South Yorkshire Police must not be made to pay for a potential inquiry into the Battle of Orgreave, it has been said.
The Reverend Dr Alan Billings, South Yorkshire police and crime commissioner, said the decision by the Independent Police Complaints Commission not to investigate potential police misconduct ‘didn’t satisfy anybody’.
It has left question marks for both the mining community and the police force as to whether an inquiry will now take place.
The Battle of Orgeave is the name given to clashes between pickets and police outside Orgreave coking plant in June 1984, during the national miners’ strike.
Dr Billings told a South Yorkshire police and crime panel meeting in Rotherham , that if there was to be a further inquiry all costs must be funded by the Government instead of cash-strapped South Yorkshire Police, which is facing about £17 million of cuts this year.
Dr Billings said: “The IPCC decision didn’t satisfy anybody. It left people in mining communities angry and still wanting to know exactly what happened.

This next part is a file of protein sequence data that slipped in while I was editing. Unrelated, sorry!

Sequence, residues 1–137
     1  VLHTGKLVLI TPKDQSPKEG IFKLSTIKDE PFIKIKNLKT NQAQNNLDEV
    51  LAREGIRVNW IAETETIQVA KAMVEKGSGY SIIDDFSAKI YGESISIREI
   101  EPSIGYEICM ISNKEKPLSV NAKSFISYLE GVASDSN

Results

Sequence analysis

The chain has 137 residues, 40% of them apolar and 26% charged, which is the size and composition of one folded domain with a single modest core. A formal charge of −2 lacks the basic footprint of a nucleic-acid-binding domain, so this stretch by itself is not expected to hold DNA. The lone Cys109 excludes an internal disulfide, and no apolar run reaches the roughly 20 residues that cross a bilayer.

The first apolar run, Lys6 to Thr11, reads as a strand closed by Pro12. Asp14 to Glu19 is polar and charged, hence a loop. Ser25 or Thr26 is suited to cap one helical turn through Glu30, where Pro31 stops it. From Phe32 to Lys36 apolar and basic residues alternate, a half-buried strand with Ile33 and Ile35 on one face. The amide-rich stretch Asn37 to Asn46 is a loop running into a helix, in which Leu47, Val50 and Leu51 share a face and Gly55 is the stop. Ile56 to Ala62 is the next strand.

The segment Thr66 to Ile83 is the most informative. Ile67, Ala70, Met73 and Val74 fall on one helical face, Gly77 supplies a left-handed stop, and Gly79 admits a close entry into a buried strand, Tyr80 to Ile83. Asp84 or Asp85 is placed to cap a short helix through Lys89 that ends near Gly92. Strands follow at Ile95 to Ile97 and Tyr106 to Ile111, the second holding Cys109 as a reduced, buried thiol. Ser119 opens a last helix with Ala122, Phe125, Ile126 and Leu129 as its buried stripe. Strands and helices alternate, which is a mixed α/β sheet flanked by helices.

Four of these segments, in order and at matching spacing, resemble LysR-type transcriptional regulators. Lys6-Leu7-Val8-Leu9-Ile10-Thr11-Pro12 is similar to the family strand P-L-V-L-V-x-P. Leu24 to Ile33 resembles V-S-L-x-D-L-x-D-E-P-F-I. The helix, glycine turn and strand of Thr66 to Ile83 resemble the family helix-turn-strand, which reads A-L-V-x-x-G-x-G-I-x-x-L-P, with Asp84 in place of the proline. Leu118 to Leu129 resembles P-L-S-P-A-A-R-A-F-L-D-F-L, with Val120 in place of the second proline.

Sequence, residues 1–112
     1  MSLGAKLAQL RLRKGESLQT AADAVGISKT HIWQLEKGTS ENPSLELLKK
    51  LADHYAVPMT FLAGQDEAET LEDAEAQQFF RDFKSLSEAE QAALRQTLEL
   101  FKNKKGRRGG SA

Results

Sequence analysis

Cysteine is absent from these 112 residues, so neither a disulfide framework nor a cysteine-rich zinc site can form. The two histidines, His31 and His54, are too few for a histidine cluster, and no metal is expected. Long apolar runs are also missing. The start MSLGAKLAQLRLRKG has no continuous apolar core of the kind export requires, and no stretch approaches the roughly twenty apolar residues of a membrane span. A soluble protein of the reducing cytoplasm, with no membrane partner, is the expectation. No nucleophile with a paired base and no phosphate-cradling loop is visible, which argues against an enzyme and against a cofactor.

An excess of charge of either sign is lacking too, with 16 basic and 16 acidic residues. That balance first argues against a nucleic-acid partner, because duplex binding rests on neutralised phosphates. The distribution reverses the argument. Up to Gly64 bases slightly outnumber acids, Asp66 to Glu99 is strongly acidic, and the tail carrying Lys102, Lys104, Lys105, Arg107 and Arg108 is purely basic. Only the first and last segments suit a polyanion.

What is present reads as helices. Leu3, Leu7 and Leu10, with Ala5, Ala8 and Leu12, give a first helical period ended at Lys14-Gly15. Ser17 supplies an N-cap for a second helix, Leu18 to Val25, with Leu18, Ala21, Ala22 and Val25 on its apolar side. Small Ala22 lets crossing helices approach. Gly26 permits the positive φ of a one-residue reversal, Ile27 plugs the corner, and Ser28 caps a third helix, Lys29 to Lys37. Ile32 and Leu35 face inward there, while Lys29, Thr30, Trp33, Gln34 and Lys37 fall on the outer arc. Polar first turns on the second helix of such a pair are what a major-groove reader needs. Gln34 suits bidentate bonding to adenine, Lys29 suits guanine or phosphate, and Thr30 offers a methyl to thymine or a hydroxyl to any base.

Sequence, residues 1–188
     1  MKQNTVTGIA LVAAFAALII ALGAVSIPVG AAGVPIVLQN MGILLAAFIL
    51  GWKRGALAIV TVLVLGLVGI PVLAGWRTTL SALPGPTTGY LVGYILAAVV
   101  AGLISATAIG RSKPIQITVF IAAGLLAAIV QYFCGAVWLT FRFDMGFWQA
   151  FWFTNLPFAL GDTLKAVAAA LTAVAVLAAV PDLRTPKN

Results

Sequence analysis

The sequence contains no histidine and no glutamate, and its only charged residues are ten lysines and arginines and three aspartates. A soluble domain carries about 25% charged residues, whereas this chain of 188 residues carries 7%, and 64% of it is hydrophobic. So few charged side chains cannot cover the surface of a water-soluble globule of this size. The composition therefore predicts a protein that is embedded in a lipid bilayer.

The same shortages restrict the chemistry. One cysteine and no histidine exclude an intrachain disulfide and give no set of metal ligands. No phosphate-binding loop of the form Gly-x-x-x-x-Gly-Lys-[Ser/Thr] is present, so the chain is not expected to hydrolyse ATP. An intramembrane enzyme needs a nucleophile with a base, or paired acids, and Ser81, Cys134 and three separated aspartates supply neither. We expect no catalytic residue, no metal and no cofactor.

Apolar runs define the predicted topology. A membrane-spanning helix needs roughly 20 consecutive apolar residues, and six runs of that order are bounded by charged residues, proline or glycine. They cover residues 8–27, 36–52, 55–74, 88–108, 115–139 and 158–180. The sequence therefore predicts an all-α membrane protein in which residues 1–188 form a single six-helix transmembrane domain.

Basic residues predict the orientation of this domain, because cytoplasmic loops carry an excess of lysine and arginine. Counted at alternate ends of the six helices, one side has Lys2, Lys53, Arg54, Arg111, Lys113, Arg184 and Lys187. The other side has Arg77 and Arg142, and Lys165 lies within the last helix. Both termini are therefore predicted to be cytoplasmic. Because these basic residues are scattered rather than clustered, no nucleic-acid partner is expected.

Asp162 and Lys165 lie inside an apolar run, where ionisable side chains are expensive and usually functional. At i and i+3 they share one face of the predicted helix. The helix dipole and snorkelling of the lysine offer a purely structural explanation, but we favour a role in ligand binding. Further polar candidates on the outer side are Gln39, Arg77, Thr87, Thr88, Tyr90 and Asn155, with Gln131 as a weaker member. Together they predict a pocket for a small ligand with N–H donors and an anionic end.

“As long as we have not had something that establishes the facts, there is always the possibility there might be an inquiry to come – that hangs over the police as well.
“If there is to be an inquiry, the Government should see this as a national matter as it was part of a national dispute and it must be treated in that way. We simply don’t have the resources to do the kind of thorough job that would have to be done.”
Coun Emma Wallis, panel vice-chairman, said: “The IPCC decision was absolutely disgraceful.”
The IPCC ruled last month it ‘would not be in the public interest’ to launch a full investigation into claims police used excessive force against miners, had their statements manipulated and gave false evidence in court to justify criminal charges.
It said the ‘passage of time’ meant allegations of assault or misconduct by police could not now be pursued, and that some were subject to complaints and civil proceedings at the time.
During the Battle of Orgreave, 95 miners were arrested after clashes with police left 50 people injured.
When the cases came to court, all were abandoned after it became clear police evidence was unreliable.
South Yorkshire Police referred itself to the IPCC in 2012 after a TV documentary claimed officers may have colluded in writing court statements which saw miners wrongly charged.